4 pm, Flight in the outdoor courtyard
5pm, What? in the 3rd floor main gallery

This looks like it may be fun. I got this email about the performance series at P.S. 1, which in conjunction with the Marina Abramovic show is hosting a series of performance art.  P.S. 1 and MoMA are connected.   So, since I liked the Abramovic show I might like this and so might you.  Anyway, a visit to P.S. 1 and Long Island City to me is always something special.  If you do go there, I recommend dining at 5 Star Punjabi, a great Indian food dive, and walking along the East river to view Manhattan.  Bring your camera!  Information on the show is here.

Monday, April 5, 2010

My Monday List for April 5th

My Monday list of odds and ends that I find interesting.

• Opening this week, a good friend,  Manhee Bak: Unrolling Time   April 6 through 22nd at John Jay College of the City of New York. He is a really interesting artist. More information can be found on his website. The reception is on April 8th from 5-7
Artcat has great list of Gallery Opening's in New York.  Check it out here.
Kiki Smith: Sojourn at the Brooklyn Museum
Hanmi: Celelbrating the Cherry Blossom Season,  April 3 to May 2 at the Brooklyn Botanic Garden
The City Reliquary,  the Museum and Civic Organization in Brooklyn
• Jazz: Amanda Monaco's Deathblow at Local 269
• Hip Hop New: Das Racist at Death by Audio
• Flea Markets:  Brooklyn Flea, starting April 10th

My bookmarked tags on delicious

Friday, April 2, 2010

Marina Abramovic “The Artist Is Present”, through May 31 @ MoMA

Museum of Modern Art, 11 west 53st

Marina Abramovic is one of the early pioneers of performance art, and history has shown her to be one of its most influential . This show covers almost four decades of her very ambitious, and frequently controversial career.  Also quite ambitious is the prospect of putting on a retrospective of a performance artists work.  The medium doesn't really lend itself to a large museum show that covers an artists output over many years. Performance art in its pure form is a unique, one time only event. It happens, and then it's done.   It can be documented through film and photographs, but the documentation isn't really the art.  Is it?   Also, the artist can only be in one place at a time, so how do you have room after room of her work all taking place at once?  Pretty challenging eh?  The Modern does about as good a job with this daunting assignment as possible.   What they do is they have filmed and photographed documentation of her work next to a number of "reperfomances" of some of her most seminal pieces using other people/performers/artists/whatever they're called.  There is a lot of text on the walls explaining the work, which kind of annoys me, but what are ya gonna do.
This all takes place in the sixth floor galleries.  Downstairs in the atrium, the artist is engaged in what appears to be a marathon staring contest across a table with whomever visitor to the museum wishes to take her on.  Apparently the visitor chooses the time limit, and once that runs out, gets replaced by the next in line.   Abramovic has committed to do this every day, from opening to closing of the museum for the duration of her retrospective.  If completed it will be the longest single performance piece she's ever created.   Good luck with that.  What happens if she has to go to the bathroom?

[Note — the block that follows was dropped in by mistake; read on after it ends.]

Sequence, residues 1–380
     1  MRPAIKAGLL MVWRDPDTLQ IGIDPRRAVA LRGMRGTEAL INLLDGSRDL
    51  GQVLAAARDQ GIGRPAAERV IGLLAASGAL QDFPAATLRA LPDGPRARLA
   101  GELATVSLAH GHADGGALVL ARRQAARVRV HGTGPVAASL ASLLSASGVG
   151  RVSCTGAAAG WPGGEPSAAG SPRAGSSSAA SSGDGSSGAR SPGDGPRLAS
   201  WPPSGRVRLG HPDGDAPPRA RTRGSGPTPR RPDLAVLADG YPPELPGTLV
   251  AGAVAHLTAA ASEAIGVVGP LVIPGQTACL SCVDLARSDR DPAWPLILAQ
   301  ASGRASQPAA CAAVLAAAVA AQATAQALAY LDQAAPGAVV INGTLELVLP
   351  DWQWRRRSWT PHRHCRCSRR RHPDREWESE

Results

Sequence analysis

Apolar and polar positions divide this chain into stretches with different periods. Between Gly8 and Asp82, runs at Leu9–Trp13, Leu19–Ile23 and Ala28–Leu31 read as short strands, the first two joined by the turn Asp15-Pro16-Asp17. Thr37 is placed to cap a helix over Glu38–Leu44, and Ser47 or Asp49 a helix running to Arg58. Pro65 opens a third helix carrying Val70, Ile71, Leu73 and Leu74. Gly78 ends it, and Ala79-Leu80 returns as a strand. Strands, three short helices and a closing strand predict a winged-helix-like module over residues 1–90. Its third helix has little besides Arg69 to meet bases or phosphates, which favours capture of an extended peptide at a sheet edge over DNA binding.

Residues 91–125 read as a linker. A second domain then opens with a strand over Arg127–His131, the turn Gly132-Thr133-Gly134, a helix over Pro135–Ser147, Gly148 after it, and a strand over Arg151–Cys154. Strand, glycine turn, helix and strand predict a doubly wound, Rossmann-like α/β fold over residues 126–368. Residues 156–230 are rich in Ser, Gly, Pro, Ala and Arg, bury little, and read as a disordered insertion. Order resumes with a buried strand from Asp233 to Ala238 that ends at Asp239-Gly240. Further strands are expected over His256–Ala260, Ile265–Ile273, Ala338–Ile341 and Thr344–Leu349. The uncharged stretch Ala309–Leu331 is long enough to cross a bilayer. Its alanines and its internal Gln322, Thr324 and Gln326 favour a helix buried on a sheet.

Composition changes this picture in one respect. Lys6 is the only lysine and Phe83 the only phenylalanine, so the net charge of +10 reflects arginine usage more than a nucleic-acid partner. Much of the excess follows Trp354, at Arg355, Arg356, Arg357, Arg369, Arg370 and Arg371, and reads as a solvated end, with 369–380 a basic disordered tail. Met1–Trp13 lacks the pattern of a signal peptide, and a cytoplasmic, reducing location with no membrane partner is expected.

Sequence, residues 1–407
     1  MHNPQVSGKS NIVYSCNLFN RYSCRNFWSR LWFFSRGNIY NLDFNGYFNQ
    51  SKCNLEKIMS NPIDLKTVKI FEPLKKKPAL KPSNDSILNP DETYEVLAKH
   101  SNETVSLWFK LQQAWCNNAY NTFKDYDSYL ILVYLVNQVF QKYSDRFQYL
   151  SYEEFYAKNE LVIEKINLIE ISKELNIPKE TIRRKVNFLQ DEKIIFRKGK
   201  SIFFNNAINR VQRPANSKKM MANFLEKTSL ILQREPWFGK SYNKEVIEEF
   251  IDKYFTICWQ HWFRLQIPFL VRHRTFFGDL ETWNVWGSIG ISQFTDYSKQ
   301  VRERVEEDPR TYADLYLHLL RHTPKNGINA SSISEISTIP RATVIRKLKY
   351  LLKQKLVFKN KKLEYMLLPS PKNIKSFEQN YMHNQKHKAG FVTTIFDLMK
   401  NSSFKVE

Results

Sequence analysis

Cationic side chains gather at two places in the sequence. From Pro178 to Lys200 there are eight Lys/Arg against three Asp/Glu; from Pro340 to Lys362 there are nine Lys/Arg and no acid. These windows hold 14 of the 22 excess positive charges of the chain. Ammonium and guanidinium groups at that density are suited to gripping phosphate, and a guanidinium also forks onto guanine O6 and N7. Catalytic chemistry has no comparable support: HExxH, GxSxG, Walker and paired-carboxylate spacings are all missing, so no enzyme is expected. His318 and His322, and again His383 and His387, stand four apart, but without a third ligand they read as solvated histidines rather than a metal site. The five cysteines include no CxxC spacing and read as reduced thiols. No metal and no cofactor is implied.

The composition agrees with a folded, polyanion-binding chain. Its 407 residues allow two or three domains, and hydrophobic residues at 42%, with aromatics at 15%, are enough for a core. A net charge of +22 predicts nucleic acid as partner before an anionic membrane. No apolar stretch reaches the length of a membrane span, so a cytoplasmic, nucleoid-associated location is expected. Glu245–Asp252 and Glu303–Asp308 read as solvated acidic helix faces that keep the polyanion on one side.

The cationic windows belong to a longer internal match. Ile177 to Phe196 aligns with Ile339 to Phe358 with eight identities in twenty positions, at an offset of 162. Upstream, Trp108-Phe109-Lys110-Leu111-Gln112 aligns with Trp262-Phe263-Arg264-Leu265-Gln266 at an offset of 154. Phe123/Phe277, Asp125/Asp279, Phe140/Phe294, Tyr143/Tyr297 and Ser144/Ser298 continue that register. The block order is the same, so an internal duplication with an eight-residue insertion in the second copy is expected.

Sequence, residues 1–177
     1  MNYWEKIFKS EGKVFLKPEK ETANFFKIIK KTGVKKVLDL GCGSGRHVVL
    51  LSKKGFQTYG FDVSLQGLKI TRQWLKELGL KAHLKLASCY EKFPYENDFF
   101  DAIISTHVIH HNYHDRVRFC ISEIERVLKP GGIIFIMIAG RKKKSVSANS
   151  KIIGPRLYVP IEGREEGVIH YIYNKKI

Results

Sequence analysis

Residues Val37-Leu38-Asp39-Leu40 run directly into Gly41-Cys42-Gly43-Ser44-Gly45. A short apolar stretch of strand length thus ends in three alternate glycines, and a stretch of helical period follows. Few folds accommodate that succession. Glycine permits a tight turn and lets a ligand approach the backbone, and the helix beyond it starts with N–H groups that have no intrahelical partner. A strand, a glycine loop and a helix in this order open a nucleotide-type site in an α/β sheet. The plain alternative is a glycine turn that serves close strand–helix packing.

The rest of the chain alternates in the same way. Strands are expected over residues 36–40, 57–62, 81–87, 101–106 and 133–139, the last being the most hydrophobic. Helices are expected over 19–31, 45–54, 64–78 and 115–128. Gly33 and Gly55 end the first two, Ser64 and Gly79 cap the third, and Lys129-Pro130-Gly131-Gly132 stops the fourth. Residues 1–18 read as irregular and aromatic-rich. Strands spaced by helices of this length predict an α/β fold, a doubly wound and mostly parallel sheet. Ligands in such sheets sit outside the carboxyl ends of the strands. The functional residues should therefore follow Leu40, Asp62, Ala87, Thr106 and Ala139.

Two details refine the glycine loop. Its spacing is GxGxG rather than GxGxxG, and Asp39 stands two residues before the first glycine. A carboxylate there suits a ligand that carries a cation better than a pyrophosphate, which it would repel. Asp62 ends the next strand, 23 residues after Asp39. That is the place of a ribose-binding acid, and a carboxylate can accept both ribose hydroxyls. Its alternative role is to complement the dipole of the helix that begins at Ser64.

Back on the sixth floor the show starts with some of her work from around 1970 where she used audio recordings of metronomes and other sounds that aim to replace the visual with the auditory, and the element of space with that of time.  From this she began live performances using her body as the medium.  At the time this was a really radical, visionary thing to do. She later hooked up with her partner and lover Ulay with whom she collaborated on some very provocative pieces for about twelve years, until they broke up.  One of the things that struck me when walking through the galleries is how differently I felt about the live performances from the recorded ones.   There's something about a live body as a work of art that makes you more aware of your own body in relation to it.  The fact that these live bodies are frequently nude makes you feel even more self conscious.  Oh, did I mention that there was nudity?  In one case a nude man and woman stand in a relatively small doorway, and the viewers are encouraged (or challenged) to walk between them.  After hesitating, I decided to walk through, but had to stop myself from saying "excuse me" as I did.  In the text the artist talks about energy fields passing between the viewer and the performer.   This may sound like some pretentious hippy art speak, but anyone with anything resembling a nervous system should be able feel exactly that.  Also, having the live performance taking place right next to the recorded ones seems to highlight this difference between the two.
The other thing I was aware of was how passive most of the recorded, and all of the live performances were relative to what I think of as performance art today. They were basically just standing, or sitting, or lying in one place, not really "performing" in the conventional sense at all.  It's easy to forget that performance art is really the natural decedent of minimalism, where the artist engages the relationship of the viewers body and the surrounding space with the object.  Minimalism is the descendant of abstract expressionism, one branch of which is action painting, where the hand and body of the artist and his/her physical interaction with the materials becomes an essential element of the art.   Today performance art is seen as a kind of avant guard branch of theater (Blueman, Laurie Anderson, Eric Bogosian) where the viewer sits safely in the dark side by side with other audience members, staring at the artist on stage talking, or singing, or running around.  In truth, theater has a very different, and obviously much longer history than performance art.  The similarities between the two mediums are really more incidental. Abramovic's work could not be confused with theater. The passivity of her performers make the viewer feel less passive.   This, and the fact that they're standing in front of, and on the same ground as the viewer makes them seem more vulnerable, challenging, and paradoxically confrontational.
The work is pretty highbrow, and even though a lot of it was made in the 70s it is by even todays standards pretty edgy.   Like I said, there is a lot of nudity.   There's also a fair amount of sexual and somewhat threatening, borderline violent content.  Parents may really want to hire a sitter.   I think it's a really interesting, and thought provoking show, but it is challenging, and clearly not for everyone.  If you don't feel up for it, you can always see the Tim Burton show downstairs.   And then afterwards your mommy might take you out for ice-cream! Pussies.